Drives & Controls April 2024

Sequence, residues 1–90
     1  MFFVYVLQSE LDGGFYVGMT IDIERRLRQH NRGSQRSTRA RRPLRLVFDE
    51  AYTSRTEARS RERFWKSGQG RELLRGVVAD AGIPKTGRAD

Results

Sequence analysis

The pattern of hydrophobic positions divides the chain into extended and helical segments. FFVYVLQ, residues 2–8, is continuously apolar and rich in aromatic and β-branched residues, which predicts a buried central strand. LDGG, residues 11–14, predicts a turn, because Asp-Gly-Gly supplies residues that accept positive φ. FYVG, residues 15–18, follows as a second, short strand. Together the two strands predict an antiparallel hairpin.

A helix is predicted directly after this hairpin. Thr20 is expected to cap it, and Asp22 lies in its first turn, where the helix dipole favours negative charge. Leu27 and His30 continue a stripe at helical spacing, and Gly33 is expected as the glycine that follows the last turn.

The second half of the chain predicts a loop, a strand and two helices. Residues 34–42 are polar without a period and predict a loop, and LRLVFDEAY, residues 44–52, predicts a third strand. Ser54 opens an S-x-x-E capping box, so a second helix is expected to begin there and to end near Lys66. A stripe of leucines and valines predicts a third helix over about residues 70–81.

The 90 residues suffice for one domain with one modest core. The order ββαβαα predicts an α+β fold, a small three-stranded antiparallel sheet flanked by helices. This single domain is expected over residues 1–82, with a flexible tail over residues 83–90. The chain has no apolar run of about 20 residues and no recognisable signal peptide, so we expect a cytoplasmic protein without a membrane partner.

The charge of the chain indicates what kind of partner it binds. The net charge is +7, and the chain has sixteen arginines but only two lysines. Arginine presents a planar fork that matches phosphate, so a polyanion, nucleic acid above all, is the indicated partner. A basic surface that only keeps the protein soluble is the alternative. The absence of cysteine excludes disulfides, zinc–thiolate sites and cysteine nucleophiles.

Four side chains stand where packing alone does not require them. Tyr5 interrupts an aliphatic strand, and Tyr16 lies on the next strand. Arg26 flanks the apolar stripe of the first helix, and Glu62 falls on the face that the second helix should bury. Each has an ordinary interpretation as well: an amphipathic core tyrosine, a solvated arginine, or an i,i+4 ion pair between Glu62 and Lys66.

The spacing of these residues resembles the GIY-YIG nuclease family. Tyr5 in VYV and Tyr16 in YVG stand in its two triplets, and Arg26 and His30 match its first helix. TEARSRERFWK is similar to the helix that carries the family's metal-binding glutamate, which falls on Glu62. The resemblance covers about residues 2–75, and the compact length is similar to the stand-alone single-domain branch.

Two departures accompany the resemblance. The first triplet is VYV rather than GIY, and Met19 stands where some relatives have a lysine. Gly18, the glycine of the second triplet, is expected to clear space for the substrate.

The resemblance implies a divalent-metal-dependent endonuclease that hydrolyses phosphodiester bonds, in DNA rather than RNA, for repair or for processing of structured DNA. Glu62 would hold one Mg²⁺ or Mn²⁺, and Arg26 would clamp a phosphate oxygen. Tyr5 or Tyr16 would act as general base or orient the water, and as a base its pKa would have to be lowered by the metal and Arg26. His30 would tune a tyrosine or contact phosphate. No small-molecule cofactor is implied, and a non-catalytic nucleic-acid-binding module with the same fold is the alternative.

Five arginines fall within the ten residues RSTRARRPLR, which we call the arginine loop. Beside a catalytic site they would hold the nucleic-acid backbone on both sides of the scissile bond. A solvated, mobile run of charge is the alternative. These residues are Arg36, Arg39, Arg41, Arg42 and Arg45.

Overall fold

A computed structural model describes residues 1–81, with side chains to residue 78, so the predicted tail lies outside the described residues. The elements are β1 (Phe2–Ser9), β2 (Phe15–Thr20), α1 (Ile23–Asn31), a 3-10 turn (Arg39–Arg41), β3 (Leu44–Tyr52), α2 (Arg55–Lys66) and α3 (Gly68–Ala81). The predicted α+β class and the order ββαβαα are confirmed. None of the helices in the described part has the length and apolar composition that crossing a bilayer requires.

26 n ROBOTS April 2024 Humanoid robots are stepping into industry In recent years, millions of YouTube viewers have marvelled at the capabilities of the humanoid robots being developed by Boston Dynamics. We have watched in awe at their ability to perform acrobatics, dance and carry loads. Their capabilities have improved over time, but they have been regarded largely as technological curiosities – not practical machines that could be deployed to perform useful tasks in factories and warehouses. But a urry of developments in recent months have indicated that humanoid robots are starting to make their way into real factory and warehouse environments. Car-makers, in particular, are showing great interest in introducing humanoids to their shopoors. BMW, Mercedes and the Chinese automotive manufacturer Nio are all exploring the possibility of deploying these machines in their plants. A year ago, economists at Goldman Sachs Research released a report predicting that the global market for humanoid robots would amount to $6bn as soon as 2035. Now, a year later, they have released another report, this time predicting that the market will be worth $38bn by 2035 – a six-fold increase – with 1.4 million humanoid robots likely to be shipped a year by then – a four-fold increase on last year’s forecast. The researchers are also predicting that the sector will become proŽtable much sooner than they were expecting a year ago. The researchers o‘er several reasons for their drastically revised Žgures, including a 40% reduction in the costs of materials, the accelerating progress in AI (artiŽcial intelligence), and investment in the humanoid sector expanding much faster than they had previously anticipated. “AI progress surprised us the most,”the team says in the new report*, referring to advances such as robotic large language models (LLMs). They point out that there’s been signiŽcant progress in end-to-end AI, through which models can train themselves, removing the need for human engineers to code everything by hand. That’s speeding up robot development, allowing these devices to handle more tasks and to adapt to new situations (such as working outside of factories) more quickly. Perhaps the most dramatic example of the money now being poured into developing humanoid robots comes from a two-year-old Californian start-up called Figure, which has yet to produce a commercial product but has recently attracted $675m of funding from a group that includes Microsoft, nVidia, Intel and Amazon boss, Je‘ Bezos. Figure is also working with the ChatGPT developer OpenAI to integrate AI capabilities into its humanoids. Goldman Sachs says there are signs that key robot components – ranging from highprecision gears to actuators – could also cost A urry of recent announcements suggest that humanoid robots are starting to make the transition from laboratories to factories and warehouses, with the help of AI. A major bank has dramatically revised its predictions for the size of the humanoid market, and is now forecasting that it will be worth $38bn by 2035 – a six-fold increase on what it was suggesting just a year ago. The American humanoid robot manufacturer, Figure, is working with the ChatGPT developer, OpenAI, to produce robots that understand spoken commands